Workplace mental health in local government

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2017 Local Government Service Group Conference
1 January 2017

Conference believes that mental ill-health among the local government workforce is a huge and growing concern.

A culture of long hours working, bullying, harassment and abuse is commonplace among local authority staff, with three quarters reporting consequent rising stress levels and declining morale.

Meanwhile growing levels of sickness absence, with no cover due to cuts in the workforce, growing employer demands and poverty wages, together with the constant threat of job losses and redundancy, create a climate of fear and anxiety for our members.

This is confirmed by a 2015 Guardian survey which shed light on how working in local government impacts on mental and physical wellbeing, with hundreds of employees attributing symptoms of anxiety, depression, sleeplessness, high blood pressure, recurrent infections or irritability to their working environment. Some 38% of local government respondents had sought medical advice or counselling to address work-related stress, while 65% had spoken to a manager about stress.

For women staff, these problems are exacerbated by low pay, the disproportionate burden of caring responsibilities and vulnerability caused by the loss of services to support women, including those who are victims of domestic abuse. It is well documented that when household income is under strain, domestic abuse increases, with women primarily the victims.

UNISON’s 2016 equality survey made clear the extent of the problem, and also the fact that workplace mental ill-health is a particular problem for women, Black, LGBT and disabled members.

In the survey, 25% of UNISON members in local government said they had experienced a mental health issue mainly triggered by work in the last year. This figure rose to 30% among women members in local government, 36% among Black members, 41% among LGBT members and a massive 53% among disabled members.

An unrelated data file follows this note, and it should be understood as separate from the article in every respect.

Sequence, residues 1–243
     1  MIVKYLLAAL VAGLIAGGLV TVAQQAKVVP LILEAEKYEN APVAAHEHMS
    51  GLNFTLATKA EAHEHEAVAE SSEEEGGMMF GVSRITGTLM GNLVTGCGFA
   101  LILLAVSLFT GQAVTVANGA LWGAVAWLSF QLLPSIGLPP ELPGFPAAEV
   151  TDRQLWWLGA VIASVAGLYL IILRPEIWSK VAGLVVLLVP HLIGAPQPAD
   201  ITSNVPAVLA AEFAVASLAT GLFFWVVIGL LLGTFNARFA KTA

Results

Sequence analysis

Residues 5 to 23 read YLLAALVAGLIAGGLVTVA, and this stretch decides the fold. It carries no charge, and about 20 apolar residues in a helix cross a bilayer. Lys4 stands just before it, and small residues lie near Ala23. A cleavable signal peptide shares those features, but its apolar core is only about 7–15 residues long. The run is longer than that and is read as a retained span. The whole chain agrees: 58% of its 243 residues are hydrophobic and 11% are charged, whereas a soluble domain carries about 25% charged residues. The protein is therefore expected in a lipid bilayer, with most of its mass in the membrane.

22% said they had sought medical advice, counselling or specialist support to help deal with stress at work. This figure was 26% among women, 33% among Black workers, 37% among LGBT workers and 51% among disabled members.

17% had had to take time off from work in the last year due to ill-health caused by stress at work. Again the figures were higher among members covered by the self-organised groups (SOGs): 21% among women, 26% among Black members, 28% among LGBT members and 37% among disabled members.

In UNISON’s survey, more than half of UNISON members in local government described their overall level of stress in their job as more stressful than 12 months previously.

Conference also notes with great concern the increasing mental ill-health conditions experienced by service users, for example among young people in further education. Increased mental ill-health also has an impact on the workforce – increasing workloads and hence causing stress.

Conference recognises that mental health and mental ill-health are poorly understood and that mental ill-health carries a negative stigma. It further recognises that the union can play a vital role in raising awareness and changing attitudes, both amongst our members and with our employers. We also need to ensure that our guidance to local government branches and local representatives addresses supporting and representing members with long term or permanent mental health conditions as well as members with stress-related ill health. Our approach also needs to reflect the fact that it is the working environment, including prejudice, discrimination and inequality, that is the primary cause of workplace stress-related ill health. It is therefore the working environment that needs changing, not the person.